HONOLULU — Using two linked telescopes that act as a single, high-powered lens, scientists have observed a young star thought to be more like our own solar system than similar celestial bodies observed in the past.

The star, known as DG Tau, is surrounded by a swirling disk of particles like those believed to be the source of planets, scientists said Tuesday.

Observations of DG Tau were made Oct. 23, 2002, and Feb. 13 this year and are scheduled to appear in an upcoming issue of the Astrophysical Journal Letters.

Since 1995, astronomers have detected more than 100 extra-solar planets, many considered too large and close to their bright, hot parent stars to sustain life, said Rachel Akeson, an astronomer at the California Institute of Technology and leader of the study team.

"If you look at what these objects are, they are different from our sun," said Bo Reipurth, a professor at the University of Hawaii's Institute for Astronomy who did not take part in the study. "If we put the sun out at the distance of, say, 500 light years or so, then it would be a faint object.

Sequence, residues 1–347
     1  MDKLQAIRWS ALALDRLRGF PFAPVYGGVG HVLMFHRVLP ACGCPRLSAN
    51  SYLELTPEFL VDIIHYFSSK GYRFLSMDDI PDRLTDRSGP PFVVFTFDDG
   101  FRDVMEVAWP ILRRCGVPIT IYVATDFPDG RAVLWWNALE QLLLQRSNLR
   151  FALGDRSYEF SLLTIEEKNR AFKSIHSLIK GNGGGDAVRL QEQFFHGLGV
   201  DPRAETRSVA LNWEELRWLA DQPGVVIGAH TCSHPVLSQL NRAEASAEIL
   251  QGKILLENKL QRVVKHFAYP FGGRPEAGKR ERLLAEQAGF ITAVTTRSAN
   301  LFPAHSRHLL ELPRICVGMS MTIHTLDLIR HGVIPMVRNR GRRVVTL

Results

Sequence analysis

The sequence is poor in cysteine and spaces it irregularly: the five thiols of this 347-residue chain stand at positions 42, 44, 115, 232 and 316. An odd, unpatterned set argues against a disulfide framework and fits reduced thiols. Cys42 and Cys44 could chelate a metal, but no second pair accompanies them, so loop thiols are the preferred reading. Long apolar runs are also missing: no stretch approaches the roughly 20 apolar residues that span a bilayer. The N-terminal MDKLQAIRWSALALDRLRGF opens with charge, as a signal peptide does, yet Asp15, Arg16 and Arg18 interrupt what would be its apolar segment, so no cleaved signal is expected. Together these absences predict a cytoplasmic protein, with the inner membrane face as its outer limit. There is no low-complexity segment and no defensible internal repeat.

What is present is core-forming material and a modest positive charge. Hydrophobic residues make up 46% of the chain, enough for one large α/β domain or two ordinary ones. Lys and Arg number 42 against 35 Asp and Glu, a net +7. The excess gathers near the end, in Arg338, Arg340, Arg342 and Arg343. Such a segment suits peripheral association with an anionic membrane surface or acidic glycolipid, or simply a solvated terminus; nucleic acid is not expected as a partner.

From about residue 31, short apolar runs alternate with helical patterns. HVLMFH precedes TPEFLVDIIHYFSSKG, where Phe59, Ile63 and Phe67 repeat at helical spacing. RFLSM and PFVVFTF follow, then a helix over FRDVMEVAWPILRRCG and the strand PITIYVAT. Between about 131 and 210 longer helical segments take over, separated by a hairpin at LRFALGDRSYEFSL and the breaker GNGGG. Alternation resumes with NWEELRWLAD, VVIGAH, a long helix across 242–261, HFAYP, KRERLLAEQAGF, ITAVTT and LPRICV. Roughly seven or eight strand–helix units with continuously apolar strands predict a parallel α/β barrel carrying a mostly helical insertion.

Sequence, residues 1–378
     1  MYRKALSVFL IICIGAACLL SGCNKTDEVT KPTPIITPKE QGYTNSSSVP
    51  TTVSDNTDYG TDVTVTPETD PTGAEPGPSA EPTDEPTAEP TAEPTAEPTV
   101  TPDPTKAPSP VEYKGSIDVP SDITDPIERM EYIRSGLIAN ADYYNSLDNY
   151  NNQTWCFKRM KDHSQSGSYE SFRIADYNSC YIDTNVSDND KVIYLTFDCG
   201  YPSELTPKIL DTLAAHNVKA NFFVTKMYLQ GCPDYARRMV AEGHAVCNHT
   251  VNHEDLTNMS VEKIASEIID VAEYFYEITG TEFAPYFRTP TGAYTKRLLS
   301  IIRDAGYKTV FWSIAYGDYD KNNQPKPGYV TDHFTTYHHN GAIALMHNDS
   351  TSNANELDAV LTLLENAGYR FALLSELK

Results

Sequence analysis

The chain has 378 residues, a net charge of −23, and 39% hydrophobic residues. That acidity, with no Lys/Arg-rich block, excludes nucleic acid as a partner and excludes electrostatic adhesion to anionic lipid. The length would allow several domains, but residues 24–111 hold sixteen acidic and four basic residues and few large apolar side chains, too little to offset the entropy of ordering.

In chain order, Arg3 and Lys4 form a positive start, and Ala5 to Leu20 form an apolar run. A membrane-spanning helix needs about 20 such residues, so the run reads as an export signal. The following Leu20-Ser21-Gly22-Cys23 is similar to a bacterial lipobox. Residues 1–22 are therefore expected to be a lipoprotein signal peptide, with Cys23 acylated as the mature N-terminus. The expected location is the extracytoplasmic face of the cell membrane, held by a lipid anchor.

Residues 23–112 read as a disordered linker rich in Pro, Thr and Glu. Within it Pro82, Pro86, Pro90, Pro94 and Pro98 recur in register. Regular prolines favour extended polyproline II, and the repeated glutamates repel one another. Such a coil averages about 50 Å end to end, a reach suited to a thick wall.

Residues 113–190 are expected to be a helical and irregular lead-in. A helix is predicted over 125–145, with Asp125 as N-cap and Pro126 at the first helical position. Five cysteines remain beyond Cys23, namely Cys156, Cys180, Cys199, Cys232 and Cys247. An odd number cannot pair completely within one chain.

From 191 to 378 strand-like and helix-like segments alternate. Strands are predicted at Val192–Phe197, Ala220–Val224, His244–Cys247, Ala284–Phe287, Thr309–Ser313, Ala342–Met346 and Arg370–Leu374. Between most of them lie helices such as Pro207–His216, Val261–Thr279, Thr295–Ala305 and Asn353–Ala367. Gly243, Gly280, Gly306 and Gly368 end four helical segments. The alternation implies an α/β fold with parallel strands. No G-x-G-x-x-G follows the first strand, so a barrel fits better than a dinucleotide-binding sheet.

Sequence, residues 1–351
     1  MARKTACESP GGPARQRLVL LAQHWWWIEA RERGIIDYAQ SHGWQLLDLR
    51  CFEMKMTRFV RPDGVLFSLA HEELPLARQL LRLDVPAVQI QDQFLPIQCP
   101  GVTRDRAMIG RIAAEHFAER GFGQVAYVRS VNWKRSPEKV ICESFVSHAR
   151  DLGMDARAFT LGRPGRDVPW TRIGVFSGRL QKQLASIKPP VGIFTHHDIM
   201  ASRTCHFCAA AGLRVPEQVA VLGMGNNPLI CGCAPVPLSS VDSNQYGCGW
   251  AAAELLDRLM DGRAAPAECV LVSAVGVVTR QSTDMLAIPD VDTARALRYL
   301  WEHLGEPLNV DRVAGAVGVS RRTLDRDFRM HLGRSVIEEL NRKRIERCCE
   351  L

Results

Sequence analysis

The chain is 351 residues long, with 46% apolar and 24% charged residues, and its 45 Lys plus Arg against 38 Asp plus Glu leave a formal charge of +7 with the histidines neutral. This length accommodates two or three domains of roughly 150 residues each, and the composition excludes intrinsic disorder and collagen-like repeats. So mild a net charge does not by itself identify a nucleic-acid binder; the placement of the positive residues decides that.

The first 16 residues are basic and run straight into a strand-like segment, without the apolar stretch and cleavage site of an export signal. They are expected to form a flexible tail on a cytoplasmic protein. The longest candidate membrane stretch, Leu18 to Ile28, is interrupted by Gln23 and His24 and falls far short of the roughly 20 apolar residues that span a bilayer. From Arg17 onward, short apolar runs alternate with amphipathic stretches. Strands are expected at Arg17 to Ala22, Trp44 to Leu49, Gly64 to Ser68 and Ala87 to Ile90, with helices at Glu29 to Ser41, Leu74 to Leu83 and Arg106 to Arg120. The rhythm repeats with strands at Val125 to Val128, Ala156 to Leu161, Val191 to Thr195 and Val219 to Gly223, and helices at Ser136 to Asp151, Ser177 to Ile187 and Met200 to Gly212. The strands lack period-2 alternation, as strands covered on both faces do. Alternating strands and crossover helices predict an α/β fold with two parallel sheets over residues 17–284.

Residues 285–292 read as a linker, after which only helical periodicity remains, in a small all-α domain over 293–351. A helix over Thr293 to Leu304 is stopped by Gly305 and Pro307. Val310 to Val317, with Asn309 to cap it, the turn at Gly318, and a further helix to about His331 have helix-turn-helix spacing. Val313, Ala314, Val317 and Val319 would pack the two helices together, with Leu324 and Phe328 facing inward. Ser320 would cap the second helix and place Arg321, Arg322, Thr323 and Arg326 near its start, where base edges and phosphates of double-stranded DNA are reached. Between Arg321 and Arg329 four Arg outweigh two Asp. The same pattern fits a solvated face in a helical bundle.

"This here (DG Tau) is an object that in all likelihood is going to end up one day as a star very similar to our own sun."

The observations are the first published findings resulting from the use of the linked 10-meter telescopes at the W.M. Keck Observatory atop Mauna Kea on the Big Island, said Gerard van Belle, a staff scientist at Cal Tech's Michelson Science Center who took part in the observations.

The telescopes, known as the Keck Interferometer, form the equivalent of a 279-foot telescope and comprise the world's largest optical telescope system. Each telescope gathers light waves and combines them so they interact, or "interfere" with each other to simulate a much larger, more powerful device.

Though interferometry isn't new, the power to look at faint stars such as DG Tau can only be accomplished with the Keck telescopes, Reipurth said.

"Studies like this teach us more about how stars form, either alone or in pairs, and how planets eventually form in discs around stars," Akeson said.

By measuring the amount of dust around other stars, where planets may form, the Keck Interferometer is expected to play a role in NASA's Terrestrial Planet Finder mission, tentatively scheduled to begin in 2012, van Belle said.

The mission is part of NASA's Origins Program and looks for smaller, Earth-like planets that may harbor life.

On the Net:

W.M. Keck Observatory: www2.keck.hawaii.edu/

Michelson Science Center: msc.caltech.edu